Having a special needs child, or two, makes your family different than most. You cannot always do the same things that a typical family would and you have to think about even the smallest activities differently based on your children’s needs and abilities. And then there are the “normal” kids in the family, what about them? Don’t they deserve to have the same things that other kids have who don’t have special siblings? For us, having two special kids and four “normal” ones we spend a lot of time thinking about how to meet everyone’s needs without hurting the others.
This summer we went to the beach. It was our first vacation since we brought Kaki home from Hong Kong two years ago. Honestly, we waited two years to go any where because our life was a real mess after she came home. She wasn’t adjusting to our life very well and she was a real challenge behaviorally. We wondered if we would ever be able to go on vacation again. How would she act? Could we have any fun? Would it be worth it? We decided we would try it this summer because we had extended family going with us and we knew if all went badly we would have reinforcements. It went okay. Our other kids had a good time, the boys. But for her, she just didn’t enjoy being out of her routine. She didn’t appreciate being in a new place or the sand and ocean at all. She was very stressed out and stopped eating for most of the trip. Glenn and I weren’t having fun, and neither was she. Thankfully we were able to give the boys a good time despite all of it, but we knew when we planned to go to Disney this Christmas we would have to rethink our plan. So, after a lot of thinking and praying about how to best make this work, we decided it would be best for her to stay here with her grandparents while the rest of us go to Disney. And we were so thankful to have wonderful grandparents who volunteered to help out!
I know what you are thinking. “I could never leave my child to go on vacation while taking the rest of the kids”. Yeah, it’s not easy, I will tell you. However, it’s what is best for all of us. She will have a much better time staying within her routine here at home and honestly, we will get a much needed break from her daily care and an emotional break from her as well. Living with her is not always easy. She requires complete physical care and that is physically demanding day in and day out on a child who is quickly becoming a woman. She is also emotionally taxing. Not as much as she used to be, but still an underlying emotional weight, for me especially. When she first arrived here she did her best to come between Glenn and I in our marriage. She wanted her dad all to herself and I was in her way. I was the enemy for a long time. Things are ever so slowly getting better, but it is still a tense emotional thing for she and I. She is also a reminder to me of what I do not have, a daughter with whom I can have a close relationship. I have wanted that for so long, and now that I do have a daughter but we have a strained relationship, it almost makes it worse. It’s a daily painful reminder to me. Just being honest.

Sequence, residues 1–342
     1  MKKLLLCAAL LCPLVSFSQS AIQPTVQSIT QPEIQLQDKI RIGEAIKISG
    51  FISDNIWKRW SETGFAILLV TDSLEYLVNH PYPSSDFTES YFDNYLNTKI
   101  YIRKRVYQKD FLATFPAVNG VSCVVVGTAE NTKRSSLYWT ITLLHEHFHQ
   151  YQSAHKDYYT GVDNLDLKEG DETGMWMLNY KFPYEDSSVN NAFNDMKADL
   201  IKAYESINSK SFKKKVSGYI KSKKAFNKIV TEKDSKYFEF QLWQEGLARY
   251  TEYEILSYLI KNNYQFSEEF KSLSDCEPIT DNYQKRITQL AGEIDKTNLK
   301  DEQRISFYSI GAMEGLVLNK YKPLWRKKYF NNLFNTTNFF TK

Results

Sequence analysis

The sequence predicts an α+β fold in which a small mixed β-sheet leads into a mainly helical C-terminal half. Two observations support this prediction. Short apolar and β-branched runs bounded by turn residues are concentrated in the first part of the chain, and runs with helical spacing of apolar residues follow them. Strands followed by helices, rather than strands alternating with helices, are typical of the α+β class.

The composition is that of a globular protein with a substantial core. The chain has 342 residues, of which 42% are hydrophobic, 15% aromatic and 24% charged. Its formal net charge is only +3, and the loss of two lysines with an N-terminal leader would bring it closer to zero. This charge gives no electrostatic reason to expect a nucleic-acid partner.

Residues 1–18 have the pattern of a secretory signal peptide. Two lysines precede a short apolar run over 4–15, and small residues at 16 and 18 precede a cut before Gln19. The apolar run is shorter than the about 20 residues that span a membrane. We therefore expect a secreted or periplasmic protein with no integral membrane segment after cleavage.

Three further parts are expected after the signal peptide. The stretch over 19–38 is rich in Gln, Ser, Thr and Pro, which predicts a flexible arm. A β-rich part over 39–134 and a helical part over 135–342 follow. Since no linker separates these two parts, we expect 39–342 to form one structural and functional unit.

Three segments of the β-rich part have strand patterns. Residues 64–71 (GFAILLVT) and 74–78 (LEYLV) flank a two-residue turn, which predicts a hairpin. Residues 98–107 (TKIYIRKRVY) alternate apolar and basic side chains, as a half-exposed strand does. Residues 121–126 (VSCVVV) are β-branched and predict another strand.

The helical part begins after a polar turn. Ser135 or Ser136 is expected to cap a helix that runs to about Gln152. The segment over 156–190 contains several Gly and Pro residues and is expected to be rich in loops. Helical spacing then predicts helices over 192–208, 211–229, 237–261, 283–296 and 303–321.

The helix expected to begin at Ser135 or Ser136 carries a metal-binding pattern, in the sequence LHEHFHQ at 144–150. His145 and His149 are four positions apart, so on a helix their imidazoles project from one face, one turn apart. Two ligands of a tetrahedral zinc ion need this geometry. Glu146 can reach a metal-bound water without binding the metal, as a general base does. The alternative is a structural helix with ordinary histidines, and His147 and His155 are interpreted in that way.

I am looking forward to the time with my boys. We will still have to help Joshua deal with his ADHD and developmental issues that are going to make the waiting part of Disney a bit challenging, but we are armed with ways to hopefully combat that. Life with kids with special needs is never boring. It keeps you on your toes.
Our family is unique and we have to make some tough decisions at times, as I know all families do. I wanted to share about our thoughts regarding this issue because I hope that it might help those around us better understand why we do what we do and maybe help other families with special kids feel like they can make the tough decisions that are best for their family as well.